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Realistic mileage before FUBAR?


Roo Williams
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I agree with @meepmeepmayer, and honestly even if a board or motor blows they are relatively cheap compared to batteries thus making a repair much more economical then buying a new wheel. Failing a fall that smashes all the casing to bits I think battery life is all you have to worry about when it comes to longevity and affordable repairs and you can take steps to extend the cell lifespan considerably if you want to.

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1 hour ago, Roo Williams said:

I know we've got a few members that have ridden their machines to death, so was wondering what kind of mileages people are getting out of EUCs before the major components fail? I'm talking motor and battery... things that are super costly to replace to the point where you say 'I'll just get that new one over there'.

I ask selfishly as I'd love to gauge how long I can expect my Tesla to last if I don't have any catastrophic bails. I got a wrong reading from it when I mentioned my mileage the other day, but I think I'm at around 450 miles so far last time I checked. That's accumulated over 2 months, so I'll say I'd do around 3000 miles in a year (450 * 6 to get 12 months use, plus 300 miles extra buffer)

Based on the collective knowledge of this community we might be able to take a shot at lifespans.

HOW FUN!

I think @who_the said he has over 4000-miles on his MSuper V3s+ which can't be much more than a year old. Based on his usage, you're barely using yours :P

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35 minutes ago, meepmeepmayer said:

I can't recall many reports of boards/mosfets just dying without other causes (big stresses) after they survived the first "ok, one of them was subpar from the start" phase. And there are quite some wheels with 10000+ km out there. (Gotway) boards tend to die early or not at all.

So I'd say the battery is the limiting factor, and it won't suddenly stop, just get gradually weaker. With your Tesla (assuming 1020Wh), one charge cycle is about 60km (50km range for 100% to 20% battery means 62.5km for 100% to 0%), and batteries get notably weaker after... 500 cycles? 1000 cycles? More? I really don't know (also depends on how you treat your batteries). That would be 30000km/20000 miles or 60000km/40000 miles respectively. In other words, very far.

So realistically, it's surprise board boom (not likely), mechanical damage (some bad crash or general material failure, depends a lot on how and where you ride) that will make you give up on repairs, or most likely simply the urge to upgrade to the shiny new models that came out before the ~7 year minimum lifetime of your Tesla is up:efee8319ab: (20k miles/3k miles per year = 7 years)

Of course, that's a guess, we'll only know for sure when more time has passed. Haven't heard of wheels systematically dying from old age (old range?) yet.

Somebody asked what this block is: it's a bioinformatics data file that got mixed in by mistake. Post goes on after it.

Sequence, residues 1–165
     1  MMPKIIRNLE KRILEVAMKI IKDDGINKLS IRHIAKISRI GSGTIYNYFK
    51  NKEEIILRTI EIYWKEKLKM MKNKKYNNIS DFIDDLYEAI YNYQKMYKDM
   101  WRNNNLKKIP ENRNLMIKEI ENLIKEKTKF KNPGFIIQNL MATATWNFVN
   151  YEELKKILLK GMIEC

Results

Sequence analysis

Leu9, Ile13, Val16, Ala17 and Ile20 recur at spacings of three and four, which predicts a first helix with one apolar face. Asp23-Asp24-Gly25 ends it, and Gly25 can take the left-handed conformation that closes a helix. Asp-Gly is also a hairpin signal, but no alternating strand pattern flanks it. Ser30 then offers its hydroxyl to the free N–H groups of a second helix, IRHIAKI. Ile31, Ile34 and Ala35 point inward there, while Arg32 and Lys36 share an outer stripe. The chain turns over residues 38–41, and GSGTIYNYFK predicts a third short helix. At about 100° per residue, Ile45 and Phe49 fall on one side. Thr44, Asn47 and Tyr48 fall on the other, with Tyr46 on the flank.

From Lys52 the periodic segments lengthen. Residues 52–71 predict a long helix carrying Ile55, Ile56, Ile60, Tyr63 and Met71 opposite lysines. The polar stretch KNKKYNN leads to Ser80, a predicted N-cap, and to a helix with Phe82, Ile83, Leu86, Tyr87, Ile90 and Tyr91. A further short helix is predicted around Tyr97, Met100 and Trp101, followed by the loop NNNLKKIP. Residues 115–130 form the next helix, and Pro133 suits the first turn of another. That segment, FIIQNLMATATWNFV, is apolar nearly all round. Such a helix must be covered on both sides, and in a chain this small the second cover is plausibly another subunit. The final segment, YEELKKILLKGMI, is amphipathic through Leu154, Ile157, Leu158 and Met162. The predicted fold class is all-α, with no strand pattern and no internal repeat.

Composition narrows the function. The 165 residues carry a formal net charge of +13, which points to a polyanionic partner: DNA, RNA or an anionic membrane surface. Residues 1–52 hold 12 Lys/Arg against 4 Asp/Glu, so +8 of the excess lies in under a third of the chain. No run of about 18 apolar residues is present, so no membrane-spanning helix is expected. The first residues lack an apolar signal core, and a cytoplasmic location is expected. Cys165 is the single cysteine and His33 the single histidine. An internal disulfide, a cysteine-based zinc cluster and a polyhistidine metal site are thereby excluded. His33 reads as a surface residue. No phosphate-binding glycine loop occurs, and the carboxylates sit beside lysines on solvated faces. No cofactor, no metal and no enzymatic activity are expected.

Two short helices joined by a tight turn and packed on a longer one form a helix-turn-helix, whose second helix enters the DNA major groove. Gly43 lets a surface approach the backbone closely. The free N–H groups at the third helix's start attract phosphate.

Thanks @meepmeepmayer, great post! That makes me happy, obviously I'm already eyeing up the new models, Z10 in particular. I think that's pretty good info for most people to know too.

My battery rarely gets below 70%, I charge it once, sometimes twice a day to keep it around 100. I haven't taken the time to read and really understand battery chemistry but I know dropping it low isn't particularly good, so hopefully that's keeping it in check.

 

 

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8 minutes ago, Marty Backe said:

I think @who_the said he has over 4000-miles on his MSuper V3s+ which can't be much more than a year old. Based on his usage, you're barely using yours :P

Well that's f'n great news! 

I really want to be out on it more, but around work, dog and fiancee there are only so many hours left in the day. Summer's coming and with longer, warmer nights I anticipate more joy rides rather than just commutes.

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9 minutes ago, Roo Williams said:

Thanks @meepmeepmayer, great post! That makes me happy, obviously I'm already eyeing up the new models, Z10 in particular. I think that's pretty good info for most people to know too.

My battery rarely gets below 70%, I charge it once, sometimes twice a day to keep it around 100. I haven't taken the time to read and really understand battery chemistry but I know dropping it low isn't particularly good, so hopefully that's keeping it in check.

From the Z10 talk It sounds like battery longevity isn't going to be much of an issue on the Tesla for you. :) But if not then I'd reconsider the 100% routine charging. Operating from 80% to 50% instead will help considerably. 70% to 40% should also be fine if you are concerned about the risks of low battery. This change alone could double or triple the life of the battery. Also, when commuting you can almost guarantee your distance to ride and times of the day you will travel so charge accordingly. I know my V8 takes 30 minutes to replace the charge lost from my commute (each way) so I only put it on charge about an hour before I ride to work/home. That still allows 30 minutes for the cells to rest after I turn the charger off and the result is that for most of the day/night the battery sits at about 50% charge. This is good for longevity and requires little to no effort to do.

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1 minute ago, WARPed1701D said: